You’ve got to be aggressive when you want to go make big plays. You can’t let them scare you out of trying to force the ball down the field some. I think sometimes that blitz package, that pass rush and the number of plays they make in their front can get you conservative. You’ve got to take the things that are there so you can stay in manageable situations, but you also have to take your shots when they present themselves, and you’ve got to make some plays. In games like this, you’ve got to make some special plays, you just do. I’m not saying trick plays, I’m saying guys going up and making a great catch with a body on a body or diving and laying out. You’ve got to make spectacular plays. You’ve got to make the routine plays routine, but we’re going to have to come up with a few plays, whether it’s a deep ball, or a run after the catch, a big run, you’ve got to make some of those plays happen with your ability. And we do have some guys with that ability on the perimeter, so we need them to step up and play well.

When you’re looking to get through adversity and bounce back quickly, how much easier is it to do that at home?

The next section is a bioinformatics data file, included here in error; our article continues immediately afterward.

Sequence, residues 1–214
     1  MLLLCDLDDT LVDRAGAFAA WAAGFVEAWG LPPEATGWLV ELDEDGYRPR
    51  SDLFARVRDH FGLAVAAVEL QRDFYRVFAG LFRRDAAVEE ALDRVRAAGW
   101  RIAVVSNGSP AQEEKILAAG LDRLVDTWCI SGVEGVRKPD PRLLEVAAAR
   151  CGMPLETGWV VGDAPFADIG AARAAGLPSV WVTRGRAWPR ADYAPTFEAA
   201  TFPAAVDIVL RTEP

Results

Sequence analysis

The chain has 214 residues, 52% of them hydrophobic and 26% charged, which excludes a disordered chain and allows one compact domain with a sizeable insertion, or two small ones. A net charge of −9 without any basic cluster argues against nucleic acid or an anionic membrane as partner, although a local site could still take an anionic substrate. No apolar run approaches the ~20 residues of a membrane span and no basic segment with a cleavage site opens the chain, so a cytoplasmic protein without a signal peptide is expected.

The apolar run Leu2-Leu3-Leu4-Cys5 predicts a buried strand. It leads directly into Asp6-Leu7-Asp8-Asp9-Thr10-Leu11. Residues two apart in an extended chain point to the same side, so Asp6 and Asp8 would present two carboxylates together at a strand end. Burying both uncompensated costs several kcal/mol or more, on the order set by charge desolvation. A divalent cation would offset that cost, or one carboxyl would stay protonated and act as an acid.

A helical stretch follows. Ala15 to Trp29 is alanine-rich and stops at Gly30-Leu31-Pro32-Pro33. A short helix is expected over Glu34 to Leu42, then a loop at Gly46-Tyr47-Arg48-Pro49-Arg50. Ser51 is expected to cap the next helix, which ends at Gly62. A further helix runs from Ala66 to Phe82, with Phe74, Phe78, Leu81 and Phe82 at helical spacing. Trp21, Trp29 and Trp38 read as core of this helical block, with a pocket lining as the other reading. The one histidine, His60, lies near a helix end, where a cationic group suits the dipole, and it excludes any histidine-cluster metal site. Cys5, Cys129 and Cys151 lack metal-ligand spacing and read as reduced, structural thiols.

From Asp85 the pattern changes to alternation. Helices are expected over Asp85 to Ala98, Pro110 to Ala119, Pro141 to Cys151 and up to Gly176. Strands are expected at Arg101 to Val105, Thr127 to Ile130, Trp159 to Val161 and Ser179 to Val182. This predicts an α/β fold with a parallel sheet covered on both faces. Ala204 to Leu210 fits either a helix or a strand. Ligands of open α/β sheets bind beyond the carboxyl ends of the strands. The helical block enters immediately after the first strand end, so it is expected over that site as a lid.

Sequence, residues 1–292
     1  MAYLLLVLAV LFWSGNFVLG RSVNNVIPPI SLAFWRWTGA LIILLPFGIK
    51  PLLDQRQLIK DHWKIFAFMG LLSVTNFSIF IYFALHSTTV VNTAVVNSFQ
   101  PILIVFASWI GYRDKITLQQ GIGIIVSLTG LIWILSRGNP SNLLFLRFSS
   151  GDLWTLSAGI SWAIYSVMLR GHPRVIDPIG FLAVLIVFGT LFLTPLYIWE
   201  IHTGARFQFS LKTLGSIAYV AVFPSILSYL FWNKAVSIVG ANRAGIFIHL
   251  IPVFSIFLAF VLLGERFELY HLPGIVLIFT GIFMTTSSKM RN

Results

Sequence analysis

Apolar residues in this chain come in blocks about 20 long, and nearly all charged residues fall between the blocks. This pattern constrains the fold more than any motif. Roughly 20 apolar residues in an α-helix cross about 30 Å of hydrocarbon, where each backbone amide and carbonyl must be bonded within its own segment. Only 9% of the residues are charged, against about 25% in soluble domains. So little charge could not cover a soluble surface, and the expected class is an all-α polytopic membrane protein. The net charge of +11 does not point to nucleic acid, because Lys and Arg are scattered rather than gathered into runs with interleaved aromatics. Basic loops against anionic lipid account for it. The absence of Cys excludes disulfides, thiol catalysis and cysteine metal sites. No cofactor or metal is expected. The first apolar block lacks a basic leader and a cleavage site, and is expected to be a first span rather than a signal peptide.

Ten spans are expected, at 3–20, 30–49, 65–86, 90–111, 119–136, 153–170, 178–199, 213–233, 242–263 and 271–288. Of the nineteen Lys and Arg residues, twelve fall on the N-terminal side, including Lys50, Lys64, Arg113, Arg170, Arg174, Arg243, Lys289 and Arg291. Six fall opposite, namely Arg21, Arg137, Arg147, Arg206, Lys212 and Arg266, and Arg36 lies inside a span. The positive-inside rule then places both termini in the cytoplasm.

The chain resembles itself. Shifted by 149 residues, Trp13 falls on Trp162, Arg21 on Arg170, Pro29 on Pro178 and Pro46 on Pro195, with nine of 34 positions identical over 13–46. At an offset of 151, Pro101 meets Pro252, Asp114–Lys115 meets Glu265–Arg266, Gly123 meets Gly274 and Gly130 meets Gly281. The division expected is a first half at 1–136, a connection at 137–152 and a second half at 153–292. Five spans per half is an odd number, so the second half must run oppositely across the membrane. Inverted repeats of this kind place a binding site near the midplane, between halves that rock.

I would say it’s got to be easier at home, you would think. You don’t have as many people in your ear maybe. I didn’t feel like Mississippi State’s crowd was a negative crowd towards our team. They were actually very respectful. They’re loud with the cowbells and all that, but there’s some places you go where you’re getting MFed from their sideline to your bench the whole game, and that’s not how that game was. So I don’t feel like that hurt us in that game. It was loud, don’t get me wrong, but if you’re at home, your fans are behind you and they’re encouraging your players, telling them to keep their heads up, that helps. That’s good to have for those guys’ psyche. 

But more than anything, the players have just got to understand that the play’s over. The next play’s what matters, that’s it. We have to embrace that. Everybody talks about being 1-0. 1-0 means next play. That’s it. Whether you did well or you didn’t do well, you’ve got to go to the next one. Not that you forget what happened, you learn from what happened, but you’ve got to know that on the next play you can change the game, and you can change it good or bad. It’s something that our guys have learned over time. Some players have to fail before they get it. Some players can learn through other players and watching them fail. That’s what we try to teach. We try to use a lot of teachable moments with our team so that you’re talking to one, you’re talking to all and guys can learn from each other on that. 

The defense has provided great pressure to the quarterback so far, but that pressure has only translated into two sacks. How important is it to translate some of that pressure into sacks this week?